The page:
## The characteristic polynomial of a matrix is the product of its invariant factors

Prove that the characteristic polynomial of a matrix is the product of its invariant factors.

[Editorial note: This proof (as suggested by D&F) depends on Theorem 21, which we will prove in the exercises after this one.]

Remember our three types of elementary row and column operations (ERCOs):

1. Interchange two rows/columns
2. Add a multiple of one row/column to another
3. Multiply a row/column by a unit

Recall that the determinant function on $\mathsf{Mat}_n(R)$ is multilinear in the columns and the rows of its argument. (See the discussion on page 437 and 438 of D&F, specifically the definition of determinant, Theorem 24, and Corollary 25.) In particular, $\mathsf{det}(A)$ is not changed if we perform ERCOs of type (2), is negated if we perform type (1) ERCOs, and is multiplied by a unit under type (3) ERCOs. In particular, if $A$ is obtained from $B$ by a series of ERCOs, then $\mathsf{det}(A)$ and $\mathsf{det}(B)$ differ only by a unit factor.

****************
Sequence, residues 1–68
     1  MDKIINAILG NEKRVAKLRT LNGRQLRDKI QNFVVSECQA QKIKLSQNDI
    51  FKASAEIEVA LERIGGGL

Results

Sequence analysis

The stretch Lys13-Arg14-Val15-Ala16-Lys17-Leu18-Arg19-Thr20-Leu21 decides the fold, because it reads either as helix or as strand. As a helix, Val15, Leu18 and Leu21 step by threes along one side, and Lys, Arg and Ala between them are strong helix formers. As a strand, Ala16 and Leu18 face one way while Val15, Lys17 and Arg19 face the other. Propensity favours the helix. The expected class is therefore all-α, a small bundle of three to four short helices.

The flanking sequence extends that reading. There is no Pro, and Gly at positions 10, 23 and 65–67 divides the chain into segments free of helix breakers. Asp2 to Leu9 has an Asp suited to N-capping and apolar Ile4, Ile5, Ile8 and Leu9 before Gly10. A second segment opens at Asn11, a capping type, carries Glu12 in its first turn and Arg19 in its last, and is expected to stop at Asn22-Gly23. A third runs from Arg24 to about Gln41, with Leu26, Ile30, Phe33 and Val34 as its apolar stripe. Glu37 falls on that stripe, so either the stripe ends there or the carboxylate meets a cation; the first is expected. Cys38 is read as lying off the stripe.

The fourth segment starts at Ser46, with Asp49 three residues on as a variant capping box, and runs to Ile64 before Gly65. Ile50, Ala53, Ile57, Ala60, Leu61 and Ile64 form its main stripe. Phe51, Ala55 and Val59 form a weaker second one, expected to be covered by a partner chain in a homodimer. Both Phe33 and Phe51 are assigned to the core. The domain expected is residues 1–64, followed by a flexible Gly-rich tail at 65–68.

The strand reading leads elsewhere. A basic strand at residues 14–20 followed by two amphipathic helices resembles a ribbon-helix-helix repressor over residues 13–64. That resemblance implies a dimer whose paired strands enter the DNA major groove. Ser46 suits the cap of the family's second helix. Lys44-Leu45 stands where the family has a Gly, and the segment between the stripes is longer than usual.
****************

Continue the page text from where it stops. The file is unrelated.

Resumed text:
Now let $A$ be a matrix. By Theorem 21 in D&F, $xI-A$ is similar to a diagonal matrix $B$ whose (nonconstant) diagonal entries are precisely the invariant factors of $A$ and whose constant diagonal entries are all 1. That is, the determinant of $B$ is the product of the invariant factors of $A$. On the other hand, the determinant of $xI-A$ is the characteristic polynomial of $A$, which is monic. So the characteristic polynomial of $A$ is a unit multiple of the product of its invariant factors; since both polynomials are monic, the ‘unit’ is 1, and in fact the characteristic polynomial is the product of the invariant factors.